Oak Long Bar and Kitchen Opens at the Fairmont Copley
There was a collective groan in Copley Square when the Fairmont closed the doors of its famous Oak Room and Oak Bar. Bostonians said goodbye to one of the most stately spaces in the city. As renovations began, we waited with baited breathe to see what would become of such an austere establishment.
Well folks, the wait is over. Last Tuesday, the Fairmont opened the doors to its newly renovated Oak Long Bar and Kitchen. With menus boasting of the farm to table concept and craft cocktail, I’d say my expectations were high, and Oak did not disappoint.
First impression: HUGE! The original vaulted ceilings with intricate detail still exist, but gone is the wall that used to separate The Oak Bar from the Oak Room. Instead, a gorgeous copper-topped and massive bar spans almost the entire length of the restaurant, end capped with a love seat for two. Beautiful leather seats at the bar and high-top tables may be the most comfortable bar stools you’ve ever sat on. The bar wraps around an open oven allowing patrons a glimpse of the fire-grilled portion of the menu. With a couple of other bends, the bar provides ample seating, and was already packed on Tuesday at 5:30.
Tables line the wall of ceiling-high windows that are left uncovered, pulling off a refined elegance that is welcoming and inviting. The Oak Bar’s classic deep red hues are still present, however the addition of more neutral colors and uncovered windows bring light into the vast space, resonating a more casual feel than its predecessor, creating an ambiance for after-work cocktails or dinner with friends.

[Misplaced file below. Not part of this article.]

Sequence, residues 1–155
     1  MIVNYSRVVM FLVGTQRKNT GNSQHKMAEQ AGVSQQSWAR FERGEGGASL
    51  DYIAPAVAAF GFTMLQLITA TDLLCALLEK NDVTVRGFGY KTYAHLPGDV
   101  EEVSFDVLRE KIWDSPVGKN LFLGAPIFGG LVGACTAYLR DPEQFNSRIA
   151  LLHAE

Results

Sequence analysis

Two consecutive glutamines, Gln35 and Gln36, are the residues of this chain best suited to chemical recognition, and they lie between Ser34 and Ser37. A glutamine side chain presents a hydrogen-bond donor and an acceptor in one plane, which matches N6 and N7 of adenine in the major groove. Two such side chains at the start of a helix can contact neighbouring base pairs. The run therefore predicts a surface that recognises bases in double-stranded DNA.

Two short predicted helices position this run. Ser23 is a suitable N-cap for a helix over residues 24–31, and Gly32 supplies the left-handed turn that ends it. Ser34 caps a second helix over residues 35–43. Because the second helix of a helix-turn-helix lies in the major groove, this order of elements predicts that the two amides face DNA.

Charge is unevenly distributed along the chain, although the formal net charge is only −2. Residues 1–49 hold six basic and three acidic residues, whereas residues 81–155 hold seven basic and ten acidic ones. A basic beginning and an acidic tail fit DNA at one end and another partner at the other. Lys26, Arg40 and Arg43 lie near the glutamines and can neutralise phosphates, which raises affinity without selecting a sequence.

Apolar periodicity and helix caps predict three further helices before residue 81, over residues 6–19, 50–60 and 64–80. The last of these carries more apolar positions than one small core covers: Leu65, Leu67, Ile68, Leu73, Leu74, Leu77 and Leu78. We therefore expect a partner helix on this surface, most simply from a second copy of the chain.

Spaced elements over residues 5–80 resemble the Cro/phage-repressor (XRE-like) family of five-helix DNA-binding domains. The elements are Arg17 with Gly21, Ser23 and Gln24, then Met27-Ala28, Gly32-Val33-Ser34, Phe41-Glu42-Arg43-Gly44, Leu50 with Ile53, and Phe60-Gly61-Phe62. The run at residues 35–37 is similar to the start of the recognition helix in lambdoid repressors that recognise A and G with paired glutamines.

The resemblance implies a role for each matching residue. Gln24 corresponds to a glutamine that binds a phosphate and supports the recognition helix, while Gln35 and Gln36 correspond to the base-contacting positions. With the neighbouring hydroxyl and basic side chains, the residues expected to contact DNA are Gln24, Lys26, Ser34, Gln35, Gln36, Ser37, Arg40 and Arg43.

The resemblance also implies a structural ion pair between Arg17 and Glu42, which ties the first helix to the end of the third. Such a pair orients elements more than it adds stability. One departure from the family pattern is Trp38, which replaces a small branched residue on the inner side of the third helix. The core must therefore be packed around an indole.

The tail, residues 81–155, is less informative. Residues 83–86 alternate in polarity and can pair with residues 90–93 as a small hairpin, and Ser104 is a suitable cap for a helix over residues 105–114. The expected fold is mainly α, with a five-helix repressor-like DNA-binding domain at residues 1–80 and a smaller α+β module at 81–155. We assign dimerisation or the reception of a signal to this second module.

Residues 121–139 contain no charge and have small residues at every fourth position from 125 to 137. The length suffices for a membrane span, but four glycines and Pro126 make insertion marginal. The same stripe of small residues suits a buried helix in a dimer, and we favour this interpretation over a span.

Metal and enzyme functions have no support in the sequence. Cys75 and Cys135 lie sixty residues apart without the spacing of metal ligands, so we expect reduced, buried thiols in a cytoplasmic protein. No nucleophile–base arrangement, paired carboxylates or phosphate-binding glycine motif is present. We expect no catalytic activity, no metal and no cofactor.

The Oak kept their signature martini service ($18), with your choice of premium gin or vodka, and select accompaniments like blue cheese stuffed olives and red pearl onions.
Flatbreads are cooked in the open oven, visible to patrons seated at one side of the bar. I recommend the Mushroom Flatbread, one of the best appetizer flatbreads I’ve had in a while; large enough for a table to share, or as an individual entree in the lighter side.
Organic Mushroom Flatbread with roasted garlic, wild arugula, farm egg ($16)
Mussels are also grilled in the oven, sitting in a light yet flavorful sauce alongside Tasso ham, fennel and tomato. I was expecting a little more of the ham flavor in the mussels and broth, but that is quickly remedied by just grabbing a piece of ham out of the dish and eating with the mussel. Toasted bread is served on the side, and I’d like the bread slices just a little but thicker to really enable you to soak up the broth.
Oven Fired Mussels with north country tasso ham, tomatoes, fennel
Entrees range range from surf to turf and a few in between. Salmon is perfectly cooked, served alongside colorful purple potatoes.
Skin-Seared Steelhead Salmon with purple potato, heirloom tomato, cucumber relish ($25)
Sweet meets savory in the Tagliatelle. Generous portions of lobster meat are married into the pasta and topped with a piece of sweet braised short rib. The large serving size is rich and filling, and easily provides for lunch the following day.
Hand-Cut Tagliatelle with Maine lobster, braised short rib, zucchini soffrito, pecorino cheese ($28)
A small selection of desserts rounds out The Oak’s menus. For me, the Chai Pudding was perfect. Light, and not overwhelmingly sweet. With the consistency of tapioca, the pudding is topped with whipped cream and when paired with a cappuccino, a delightful end to the meal.
I know many Bostonians embraced the dark and intimate atmosphere of The Oak Bar. And other than, perhaps, Locke Ober, there may be few other places in the city able to provide that type of setting with historic grace and ambiance. But I found the renovations into Oak Long Bar and Kitchen to be a welcoming change. Inviting, not pretentious. Reasonable pricing that don’t scream “special occasion.” Cocktails other than $21 martinis, well-made for $12-14, typical of any Boston establishment with a cocktail program. I know I’ll be back, and I encourage you to walk in with an open mind.
Fun random facts:
- Look for the copper circle outline on the floor, paying homage to the original Merry-Go-Round Bar at the Fairmont Copley featured a working carousel during Prohibition until the 1970′s.
- The large mirrors over looking the bar are, in fact TVs. Look closely if they aren’t on, you will see the small red light.
Full disclosure: I was a guest of the Fairmont and this dinner was complimentary, however all opinions are my own.
What will you miss about The Oak Room?